Drinking water used by 99,000 Marylanders, mainly in rural communities and on military bases, is sometimes contaminated with bacteria, toxic chemicals or dirt particles, says a report released yesterday.
Up to 3.5 million more state residents, including those using the Baltimore water system, may face a similar risk because water supplies are not properly monitored, adds the report by the Natural Resources Defense Council.
For example, the Washington-based environmental group cited inadequate testing for lead and copper in the Baltimore system.
Throughout the nation, there is little state or federal enforcement of safety standards for drinking water, the report said, even though the Environmental Protection Agency tallied some 250,000 violations from all 50 states during 1991-1992.
"What we need are stronger rules and a tough cop on the beat," said Erik Olson, a lawyer for the council and author of the report.
Baltimore and Maryland officials took issue with the findings yesterday, saying they contain errors and exaggerate water-quality problems in the state.
But EPA officials agreed with most of the reforms proposed by the environmental group, including tougher enforcement and increased spending to help communities upgrade their water treatment systems.
Nationwide, more than 900,000 people become ill each year with flu-like water-borne illness, and as many as 900 may die, the report said.
In a widely publicized case last spring, contaminated municipal water in Milwaukee made about 370,000 people sick and 47 died.
The report said that such bacterial contamination is just one of the hazards. Millions of Americans are exposed to unsafe levels of arsenic, lead, radium and other toxic substances in their drinking water.
Moreover, the process of disinfecting water supplies with chlorine can produce hazardous byproducts, the report said. More than 10,000 cases of bladder and rectal cancer a year may be linked to drinking chlorinated water, some studies suggest.
Maryland has experienced no outbreaks of water-borne illness, said Michael Sullivan, spokesman for the state Department of the Environment.
But Marylanders simply have been lucky, contends Dru Schmidt-Perkins, state director of Clean Water Action, another environmental group. The reservoirs and underground aquifers that supply drinking water "are not being protected the way they ought to be," she said.
In its report, the Natural Resources Defense Council said that 99,000 Marylanders depend on drinking water that could be considered unhealthy because of sporadic contamination. Water systems serving major portions of 10 Maryland cities and towns were cited by regulators at least once in the past two years as exceeding federal standards for contaminants: bacteria, chemicals or dirt particles.
Here are the communities, the population served by the water system and the type of contamination:
* Cumberland in Western Maryland, 35,000, dirt particles.
* La Plata in Charles County, 5,000, coliform bacteria and dirt particles.
* Crisfield in Somerset County, 4,578, excess of fluoride.
* Lonaconing in Allegany County, 4,500, dirt particles.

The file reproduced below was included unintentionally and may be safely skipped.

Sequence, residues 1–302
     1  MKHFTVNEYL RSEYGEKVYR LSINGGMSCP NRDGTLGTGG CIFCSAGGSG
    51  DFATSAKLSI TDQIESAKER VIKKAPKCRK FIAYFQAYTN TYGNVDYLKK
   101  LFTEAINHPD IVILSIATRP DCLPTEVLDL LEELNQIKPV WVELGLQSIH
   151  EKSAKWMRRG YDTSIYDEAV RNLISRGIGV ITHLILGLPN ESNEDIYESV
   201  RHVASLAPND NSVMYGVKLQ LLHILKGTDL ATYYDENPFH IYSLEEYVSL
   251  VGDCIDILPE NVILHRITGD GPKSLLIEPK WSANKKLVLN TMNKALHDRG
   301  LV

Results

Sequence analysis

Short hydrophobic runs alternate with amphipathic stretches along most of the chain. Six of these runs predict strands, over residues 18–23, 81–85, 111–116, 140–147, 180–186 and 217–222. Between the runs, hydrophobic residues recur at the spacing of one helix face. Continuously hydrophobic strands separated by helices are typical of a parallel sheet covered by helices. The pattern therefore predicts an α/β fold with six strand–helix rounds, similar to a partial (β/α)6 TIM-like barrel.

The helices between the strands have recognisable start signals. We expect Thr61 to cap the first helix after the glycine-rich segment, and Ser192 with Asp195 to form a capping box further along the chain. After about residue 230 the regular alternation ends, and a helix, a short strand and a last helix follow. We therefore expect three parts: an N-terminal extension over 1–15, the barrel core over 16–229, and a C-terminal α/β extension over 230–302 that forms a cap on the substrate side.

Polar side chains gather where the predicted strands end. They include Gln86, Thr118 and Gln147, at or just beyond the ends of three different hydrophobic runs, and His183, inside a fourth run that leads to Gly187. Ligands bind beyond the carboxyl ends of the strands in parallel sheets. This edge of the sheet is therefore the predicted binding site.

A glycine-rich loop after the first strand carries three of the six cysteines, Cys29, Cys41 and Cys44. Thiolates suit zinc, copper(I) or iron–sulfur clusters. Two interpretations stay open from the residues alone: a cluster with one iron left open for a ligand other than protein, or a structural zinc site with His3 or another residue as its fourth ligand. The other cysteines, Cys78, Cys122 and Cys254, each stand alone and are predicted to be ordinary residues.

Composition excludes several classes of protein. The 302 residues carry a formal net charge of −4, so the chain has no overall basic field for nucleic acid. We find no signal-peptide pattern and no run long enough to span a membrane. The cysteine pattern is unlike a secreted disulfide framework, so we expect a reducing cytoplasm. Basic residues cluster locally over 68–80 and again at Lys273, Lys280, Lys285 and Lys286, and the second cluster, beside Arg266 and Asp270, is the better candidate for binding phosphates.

* Pocomoke City in Worcester County, 3,800, coliform bacteria.
4 * Mount Airy in Carroll County, 3,500, nitrates.
* Princess Anne in Somerset County, 2,700, coliform bacteria.
* Emmitsburg in Frederick County, 1,600, dirt particles.
* Lexington Park in St. Mary's County, 1,325, coliform bacteria.
* Hebron in Wicomico County, 755, nitrates.
Three military bases in the state also were mentioned. High counts of coliform bacteria turned up in a water system serving 17,000 people at Andrews Air Force Base outside Washington, and excessive levels of the same bacteria were found in water used by 11,000 people at Patuxent River Naval Air Test Center in St. Mary's County.
And high levels of coliform were reported in a water system serving 4,200 people at the Edgewood portion of Aberdeen Proving Ground.
Moreover, excess levels of contaminants showed up in water systems serving from a few dozen to a few hundred residents at more than 20 mostly rural villages, trailer parks and small housing developments.
Nationwide, more than 15,000 episodic or chronic violations of federal limits on contaminants in drinking water were reported by private and public utilities serving more than 28 million Americans, the report said. Another 10,000 violations occurred in largely unregulated water systems serving 1.4 million people in hospitals, hotels, schools and factories. Thousands more contamination incidents may have been hidden from the public because there were 217,000 violations of federal requirements to test water quality and report any problems.
Marcia Collins, spokeswoman for Baltimore's Department of Public Works, said that contrary to the report, the city has performed all tests required for lead and copper in the water supplied to much of the metropolitan area from three reservoirs in Baltimore and Carroll counties.
UNHEALTHY DRINKING WATER
Number of times in 1991-1992 that public water systems in these states violated federal standards for bacterial or chemical contamination of drinking water, according to the Natural Resources Defense Council; state populations are from 1990 Census.
State ............ Population ........ Violations
Washington ...... 4.9 million ............ 1,474
California ..... 29.8 million .............. 894
Texas .......... 17.0 million .............. 822
Nevada .......... 1.2 million ............... 24
Rhode Island .... 1.0 million ............... 29
Hawaii .......... 1.1 million ............... 34
Maryland ........ 4.8 million ............... 68
Delaware ........ 0.7 million .............. 107
Pennsylvania ... 11.9 million .............. 459
Virginia ........ 6.2 million .............. 496
West Virginia ... 1.8 million ............... 92